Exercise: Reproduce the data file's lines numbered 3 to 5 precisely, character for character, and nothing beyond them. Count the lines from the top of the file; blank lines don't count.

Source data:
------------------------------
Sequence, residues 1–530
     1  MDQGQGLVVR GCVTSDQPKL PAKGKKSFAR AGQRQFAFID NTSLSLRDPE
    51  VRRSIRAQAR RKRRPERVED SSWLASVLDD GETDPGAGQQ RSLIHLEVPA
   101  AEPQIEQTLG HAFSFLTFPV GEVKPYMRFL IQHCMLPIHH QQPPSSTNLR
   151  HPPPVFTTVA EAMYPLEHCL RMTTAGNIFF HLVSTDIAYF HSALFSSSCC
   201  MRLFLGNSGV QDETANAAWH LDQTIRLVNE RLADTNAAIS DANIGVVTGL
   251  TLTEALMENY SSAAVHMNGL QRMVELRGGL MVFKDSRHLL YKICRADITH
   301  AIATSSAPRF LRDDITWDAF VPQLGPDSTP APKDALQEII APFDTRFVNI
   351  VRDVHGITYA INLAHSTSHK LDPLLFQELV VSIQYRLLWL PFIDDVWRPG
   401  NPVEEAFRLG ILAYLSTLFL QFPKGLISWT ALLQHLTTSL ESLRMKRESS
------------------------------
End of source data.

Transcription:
    51  VRRSIRAQAR RKRRPERVED SSWLASVLDD GETDPGAGQQ RSLIHLEVPA
   101  AEPQIEQTLG HAFSFLTFPV GEVKPYMRFL IQHCMLPIHH QQPPSSTNLR
   151  HPPPVFTTVA EAMYPLEHCL RMTTAGNIFF HLVSTDIAYF HSALFSSSCC